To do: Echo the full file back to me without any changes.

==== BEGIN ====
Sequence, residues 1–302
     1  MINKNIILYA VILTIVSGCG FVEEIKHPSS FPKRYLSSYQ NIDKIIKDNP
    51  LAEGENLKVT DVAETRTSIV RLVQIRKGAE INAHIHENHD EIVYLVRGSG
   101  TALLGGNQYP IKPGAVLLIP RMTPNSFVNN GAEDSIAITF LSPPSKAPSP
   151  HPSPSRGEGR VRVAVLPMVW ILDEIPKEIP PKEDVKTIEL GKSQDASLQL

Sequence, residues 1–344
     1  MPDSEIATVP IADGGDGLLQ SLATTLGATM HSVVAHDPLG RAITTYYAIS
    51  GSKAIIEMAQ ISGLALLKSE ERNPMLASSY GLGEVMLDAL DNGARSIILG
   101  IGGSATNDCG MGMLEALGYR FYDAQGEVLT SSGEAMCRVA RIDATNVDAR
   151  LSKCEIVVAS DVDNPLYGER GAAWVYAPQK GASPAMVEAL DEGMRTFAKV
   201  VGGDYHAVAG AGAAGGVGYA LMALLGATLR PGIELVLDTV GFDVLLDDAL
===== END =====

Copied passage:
Sequence, residues 1–302
     1  MINKNIILYA VILTIVSGCG FVEEIKHPSS FPKRYLSSYQ NIDKIIKDNP
    51  LAEGENLKVT DVAETRTSIV RLVQIRKGAE INAHIHENHD EIVYLVRGSG
   101  TALLGGNQYP IKPGAVLLIP RMTPNSFVNN GAEDSIAITF LSPPSKAPSP
   151  HPSPSRGEGR VRVAVLPMVW ILDEIPKEIP PKEDVKTIEL GKSQDASLQL

Sequence, residues 1–344
     1  MPDSEIATVP IADGGDGLLQ SLATTLGATM HSVVAHDPLG RAITTYYAIS
    51  GSKAIIEMAQ ISGLALLKSE ERNPMLASSY GLGEVMLDAL DNGARSIILG
   101  IGGSATNDCG MGMLEALGYR FYDAQGEVLT SSGEAMCRVA RIDATNVDAR
   151  LSKCEIVVAS DVDNPLYGER GAAWVYAPQK GASPAMVEAL DEGMRTFAKV
   201  VGGDYHAVAG AGAAGGVGYA LMALLGATLR PGIELVLDTV GFDVLLDDAL